Another aspect of the extreme closeups is the idea that faces themselves are distortions. You can’t tell by looking at somebody what they’re thinking. And in the movie, the voice-over thoughts delivered during the closeups were often extremely banal. I don’t know exactly why. Something to do with the person within versus the public persona – especially emphasized in the highly distinctive faces of these particular actors, the leads, but also in the boys.
- There was a strong memento mori theme, the idea that people should be reminded that life is short and we’re all mortal. Several of the banal pseudo-philosophical quotations given by Shannon’s character were of this nature, and carefully repeated just to be sure we got them.
What was that about? It may be related to the supposed ecological disaster and the volcano threat – “Don’t forget, people, we’re all gonna die!”
Herzog may have been trying to tie the theme of distortion to our everyday perception of life. You think your everyday life is important, but don’t forget: memento mori! You have the rumbling eruption “heard” just underfoot as a powerful reminder.
The superficial story line also reinforces this view. You think you’re going on a routine scientific expedition and you’re suddenly in jail and then in a life-threatening situation. Memento mori! Life itself is an illusory distortion.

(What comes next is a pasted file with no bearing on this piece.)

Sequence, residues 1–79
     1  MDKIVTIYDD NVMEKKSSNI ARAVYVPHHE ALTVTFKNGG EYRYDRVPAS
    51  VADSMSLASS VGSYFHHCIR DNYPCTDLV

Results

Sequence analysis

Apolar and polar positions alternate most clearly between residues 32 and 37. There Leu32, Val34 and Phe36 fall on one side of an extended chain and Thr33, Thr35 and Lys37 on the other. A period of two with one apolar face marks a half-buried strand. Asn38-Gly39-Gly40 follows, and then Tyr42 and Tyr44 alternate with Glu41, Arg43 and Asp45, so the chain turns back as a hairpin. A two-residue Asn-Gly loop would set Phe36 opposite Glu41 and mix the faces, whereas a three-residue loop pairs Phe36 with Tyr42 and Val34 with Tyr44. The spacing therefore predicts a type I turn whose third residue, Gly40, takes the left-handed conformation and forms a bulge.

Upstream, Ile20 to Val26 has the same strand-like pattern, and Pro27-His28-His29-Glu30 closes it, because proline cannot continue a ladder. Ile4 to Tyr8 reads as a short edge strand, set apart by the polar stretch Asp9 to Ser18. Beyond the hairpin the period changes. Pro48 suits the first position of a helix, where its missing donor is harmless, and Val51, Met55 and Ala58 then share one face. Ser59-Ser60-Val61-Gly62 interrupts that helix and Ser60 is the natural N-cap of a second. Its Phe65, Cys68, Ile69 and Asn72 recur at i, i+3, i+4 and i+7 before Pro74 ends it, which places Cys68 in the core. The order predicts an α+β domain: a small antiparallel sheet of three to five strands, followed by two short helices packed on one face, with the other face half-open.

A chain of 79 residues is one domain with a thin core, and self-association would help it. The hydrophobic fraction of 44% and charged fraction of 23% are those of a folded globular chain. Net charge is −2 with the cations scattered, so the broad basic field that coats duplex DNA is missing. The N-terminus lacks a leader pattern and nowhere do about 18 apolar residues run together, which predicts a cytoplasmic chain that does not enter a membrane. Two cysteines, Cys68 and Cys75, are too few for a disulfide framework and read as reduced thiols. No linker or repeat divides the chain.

I cannot right now add up all these elements into a coherent whole, but I do believe the film was a didactic presentation (as Herzog films tend to be), concerning the topic of perception as distortion. It was not supposed to be, and it wasn’t, traditional storytelling.
The interesting thing is that he didn’t do any overt, obvious distortion in the photography, which would have been very easy. Instead, his message was subtle but clear, as if to show both the distortion and how readily we overlook it.
I need to think further about the idea that storytelling, as we know it, is a fraud. But it was a great, thought-provoking, and satisfying movie
And that’s my story.